Consider the problem of finding whether each in a list of natural numbers are prime or not. When doing such a task, the assessment of each number’s primeness is a process independent of assessment of the others. Such tasks are commonly called embarrassingly parallel since there is no coordination between such independent parts of the whole process. Therefore these are relatively easier to implement using hardware parallelism (e.g. multiple CPUs). For example one can run a code like follows to do this:

boolean isPrime(int n) {
   if (n%2==0)
      return false;
   for (int i=3;i<n/2;i=i+2)
      if (n%i==0)
        return false;
   return true;
}

int[] list= ... some list of numbers ...
for (int i=0;i<list.length;i++)
   is list[i] prime = RUN IN PARALLEL(isPrime(list[i]);

For the moment we leave the details of how to run functions in parallel or store their return value to further chapters.

Despite relative ease of the problem one must be very careful in implementing the solution in a program. Consider for example the list of numbers (5,12, 2356789). In this specific case even if one runs three computers, one for each number, to assess primality of numbers the total task completion time will not change, because the time needed for assessment of the first two numbers will be negligibly small compared to the time needed for assessment of the third number’s primality. As a consequence it will be a good idea to further parallelize primality checking, for example a rough and incomplete algorithm for this would look like follows:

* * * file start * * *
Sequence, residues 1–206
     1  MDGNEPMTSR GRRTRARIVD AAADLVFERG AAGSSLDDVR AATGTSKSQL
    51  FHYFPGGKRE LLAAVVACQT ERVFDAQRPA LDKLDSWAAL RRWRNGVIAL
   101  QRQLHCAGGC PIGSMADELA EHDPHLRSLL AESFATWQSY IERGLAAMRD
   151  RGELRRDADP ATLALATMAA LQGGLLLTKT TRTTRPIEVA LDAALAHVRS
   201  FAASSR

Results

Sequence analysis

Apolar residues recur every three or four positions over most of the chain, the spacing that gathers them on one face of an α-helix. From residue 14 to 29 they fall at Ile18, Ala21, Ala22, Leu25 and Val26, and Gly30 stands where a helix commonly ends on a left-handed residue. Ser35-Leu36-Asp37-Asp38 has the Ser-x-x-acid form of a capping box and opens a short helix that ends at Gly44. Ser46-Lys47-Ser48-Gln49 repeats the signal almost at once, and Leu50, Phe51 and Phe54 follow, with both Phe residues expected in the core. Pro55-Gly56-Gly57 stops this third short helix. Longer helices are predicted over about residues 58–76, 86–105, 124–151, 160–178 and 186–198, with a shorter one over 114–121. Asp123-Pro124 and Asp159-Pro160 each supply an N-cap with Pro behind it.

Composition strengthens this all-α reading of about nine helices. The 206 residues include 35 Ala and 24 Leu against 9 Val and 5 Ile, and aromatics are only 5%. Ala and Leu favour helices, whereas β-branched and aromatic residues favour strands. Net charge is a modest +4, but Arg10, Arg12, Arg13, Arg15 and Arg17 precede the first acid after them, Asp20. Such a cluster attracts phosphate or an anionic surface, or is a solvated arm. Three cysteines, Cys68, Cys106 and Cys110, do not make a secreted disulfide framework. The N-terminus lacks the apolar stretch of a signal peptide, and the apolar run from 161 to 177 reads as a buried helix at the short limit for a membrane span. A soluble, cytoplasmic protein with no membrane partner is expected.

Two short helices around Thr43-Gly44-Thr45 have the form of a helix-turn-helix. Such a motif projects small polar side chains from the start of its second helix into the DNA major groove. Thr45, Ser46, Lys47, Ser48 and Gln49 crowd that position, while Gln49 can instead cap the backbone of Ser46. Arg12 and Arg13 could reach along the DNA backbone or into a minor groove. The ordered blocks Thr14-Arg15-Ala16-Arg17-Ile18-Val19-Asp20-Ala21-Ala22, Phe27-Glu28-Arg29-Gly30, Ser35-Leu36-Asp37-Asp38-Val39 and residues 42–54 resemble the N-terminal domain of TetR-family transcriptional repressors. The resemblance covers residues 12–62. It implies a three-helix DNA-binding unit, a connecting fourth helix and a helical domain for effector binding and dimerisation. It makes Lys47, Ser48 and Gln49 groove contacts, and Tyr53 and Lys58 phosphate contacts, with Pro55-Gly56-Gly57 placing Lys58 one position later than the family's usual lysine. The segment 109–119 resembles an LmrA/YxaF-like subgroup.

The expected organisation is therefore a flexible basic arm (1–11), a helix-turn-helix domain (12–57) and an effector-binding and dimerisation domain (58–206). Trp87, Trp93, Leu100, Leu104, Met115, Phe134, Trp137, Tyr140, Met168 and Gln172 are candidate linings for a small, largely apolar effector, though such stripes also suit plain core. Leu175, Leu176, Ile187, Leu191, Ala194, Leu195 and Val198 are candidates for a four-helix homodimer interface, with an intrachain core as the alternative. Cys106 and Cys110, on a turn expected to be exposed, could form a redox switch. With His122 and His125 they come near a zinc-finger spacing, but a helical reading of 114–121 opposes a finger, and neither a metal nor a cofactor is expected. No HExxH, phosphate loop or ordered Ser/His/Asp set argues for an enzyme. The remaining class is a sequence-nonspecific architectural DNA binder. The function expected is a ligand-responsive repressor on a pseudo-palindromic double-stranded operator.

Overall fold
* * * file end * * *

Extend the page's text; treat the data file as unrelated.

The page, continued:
boolean isPrimeRange(int n, int from, int to) {
   if (n%2==0)
      return false;
   for (int i=from;i<to;i++)
      if (n%i==0)
        return false;
   return true;
}

boolean isPrimeParallel(int n, int numparts){
    if (n%2==0)
      return false;
    boolean[] results=new boolean[numparts];
    for(int i=0;i<numparts;i++)
       results[i]=RUN IN PARALLEL(isPrime(n, i*n/2/numparts, (i+1)*n/2/numparts)
    for(int i=0;i<numparts;i++)
       if (!results[i])
          return false;
    return true;
 }

int[] list= ... some list of numbers ...
for (int i=0;i<list.length;i++)
   is list[i] prime = RUN IN PARALLEL(isPrimeParallel(list[i], list[i]/SOMETHRESHOLD);

2.2 Mechanisms for concurrency

Concurrent processes to complete a task (provided that it can be broken down into independent sequential sub-tasks) can be achieved by using multiple threads on the same computer, or by coordinated execution of processes on different computers which communicate with one another using the Internet.